Friday, September 8, 2017

Perspective-Taking through class "Pinwheel" activity

In previous work in Emily Mikuzis’ senior English 101 class, her students worked on exemplification—making a claim and supporting it with examples rather than reasoned evidence.  In this case, students are using the guiding question “To what extent has your education served you?” with examples from their own experience.

To prepare for this lesson students read and annotated an excerpt from Ta-Nehisi Coates’ “Between the World and Me,” which focuses on his experience in education—specifically compliance versus critical thinking.  Students prepared by annotating form 4 different perspectives, color-coding each: urban student, suburban student, urban teacher, suburban teacher. 

They used Coates’ description of his neighborhood for the experience with urban schools and their own experiences with suburban schools.  Understanding that this pulls on some biases, the class had a conversation on empathy, per  While this is a limitation of the activity, the class talked through the nuances of each, handling it compassionately.  For example, one student pointed out that just because someone has a certain identity, it doesn’t mean they only have one perspective or a common perspective.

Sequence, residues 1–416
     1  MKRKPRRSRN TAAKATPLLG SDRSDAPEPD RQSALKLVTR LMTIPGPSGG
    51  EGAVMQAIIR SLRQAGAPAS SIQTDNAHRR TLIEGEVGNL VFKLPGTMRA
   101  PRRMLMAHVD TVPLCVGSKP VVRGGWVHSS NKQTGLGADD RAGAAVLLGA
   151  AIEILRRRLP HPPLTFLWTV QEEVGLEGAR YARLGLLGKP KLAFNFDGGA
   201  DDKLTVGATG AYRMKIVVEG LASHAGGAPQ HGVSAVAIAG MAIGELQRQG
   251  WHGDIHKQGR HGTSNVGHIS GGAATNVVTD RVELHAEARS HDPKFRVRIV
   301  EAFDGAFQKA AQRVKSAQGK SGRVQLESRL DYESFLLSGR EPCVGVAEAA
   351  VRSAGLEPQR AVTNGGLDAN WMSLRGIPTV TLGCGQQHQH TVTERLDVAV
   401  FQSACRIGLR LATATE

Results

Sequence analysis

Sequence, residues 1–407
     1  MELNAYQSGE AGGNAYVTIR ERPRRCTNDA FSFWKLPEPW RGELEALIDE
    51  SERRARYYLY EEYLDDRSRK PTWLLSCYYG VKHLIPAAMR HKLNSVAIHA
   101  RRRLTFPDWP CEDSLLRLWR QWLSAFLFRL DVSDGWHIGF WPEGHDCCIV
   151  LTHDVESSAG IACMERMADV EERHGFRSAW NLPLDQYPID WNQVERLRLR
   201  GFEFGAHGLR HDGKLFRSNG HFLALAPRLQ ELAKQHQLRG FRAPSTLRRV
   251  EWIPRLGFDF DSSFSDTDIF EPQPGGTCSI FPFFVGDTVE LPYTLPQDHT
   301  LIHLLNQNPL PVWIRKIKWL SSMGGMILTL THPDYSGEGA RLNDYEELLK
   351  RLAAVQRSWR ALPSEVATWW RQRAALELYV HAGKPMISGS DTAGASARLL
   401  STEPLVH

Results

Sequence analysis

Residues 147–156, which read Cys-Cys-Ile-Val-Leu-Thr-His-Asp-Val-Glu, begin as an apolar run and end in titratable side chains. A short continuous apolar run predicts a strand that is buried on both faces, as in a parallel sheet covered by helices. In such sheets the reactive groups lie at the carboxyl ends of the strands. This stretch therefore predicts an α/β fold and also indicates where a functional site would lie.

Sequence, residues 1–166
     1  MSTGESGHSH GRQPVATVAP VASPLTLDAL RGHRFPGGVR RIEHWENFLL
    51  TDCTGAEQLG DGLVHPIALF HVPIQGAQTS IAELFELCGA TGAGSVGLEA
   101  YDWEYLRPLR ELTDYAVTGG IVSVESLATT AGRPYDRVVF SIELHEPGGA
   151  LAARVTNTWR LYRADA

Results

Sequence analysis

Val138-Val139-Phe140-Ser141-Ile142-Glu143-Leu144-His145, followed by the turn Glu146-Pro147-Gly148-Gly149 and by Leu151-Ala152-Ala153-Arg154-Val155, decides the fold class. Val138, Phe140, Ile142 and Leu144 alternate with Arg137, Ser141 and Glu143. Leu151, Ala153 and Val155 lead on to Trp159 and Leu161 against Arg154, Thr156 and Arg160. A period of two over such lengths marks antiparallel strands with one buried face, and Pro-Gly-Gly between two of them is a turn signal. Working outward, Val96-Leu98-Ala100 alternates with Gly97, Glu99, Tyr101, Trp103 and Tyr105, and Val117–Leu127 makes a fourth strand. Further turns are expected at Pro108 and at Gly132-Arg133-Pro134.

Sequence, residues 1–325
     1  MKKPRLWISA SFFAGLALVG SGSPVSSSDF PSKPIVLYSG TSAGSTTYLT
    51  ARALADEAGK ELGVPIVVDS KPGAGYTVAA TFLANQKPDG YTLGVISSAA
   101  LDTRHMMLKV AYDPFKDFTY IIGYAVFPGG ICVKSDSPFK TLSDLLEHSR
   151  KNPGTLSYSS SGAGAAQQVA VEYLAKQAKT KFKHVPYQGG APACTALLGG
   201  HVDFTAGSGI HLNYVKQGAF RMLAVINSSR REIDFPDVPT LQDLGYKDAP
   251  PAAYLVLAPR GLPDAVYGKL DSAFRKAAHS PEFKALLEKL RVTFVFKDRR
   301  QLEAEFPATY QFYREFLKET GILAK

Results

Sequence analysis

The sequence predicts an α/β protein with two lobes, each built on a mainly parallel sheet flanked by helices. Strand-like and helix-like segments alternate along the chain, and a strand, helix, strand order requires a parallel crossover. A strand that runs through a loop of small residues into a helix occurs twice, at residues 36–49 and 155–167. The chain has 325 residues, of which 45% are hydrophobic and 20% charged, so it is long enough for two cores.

Students worked independently first, then in small like-groups, then together in a “pinwheel” activity [from Sarah Wessling on the Teachers’Channel].   One member of each “perspective” sat in the “hot seat” and answered questions posed by the “provocateur,” who had prepared based on a question writing workshop held by the whole class on the previous day.  Therefore, groups were aware of some of the questions, but they could not prepare for all.  In the “pinwheel,” the provocateur also asked follow-up questions to continue and push the conversation.  Students referenced the text directly but also made inferences based on their perspective.  This is a much smaller group discussion than a Socratic with only 6 students in the group to encourage all students to participate while the outer group participated in a real-time backchannel on

After class students debriefed.  Students expressed the difficulty in looking through others’ perspective, but they also appreciated that it slowed them down, forcing themselves to rethink what they would say.  They also really liked the backchannel because they could speak from their own life perspective and experiences, which allowed them a comfortable place to share.  In the end they felt it helped them take different perspectives in addition to simply analyzing what the text means.  After this practice activity, students will return to this activity in a few weeks, focusing on multiple authors and putting them “in conversation with each other.”

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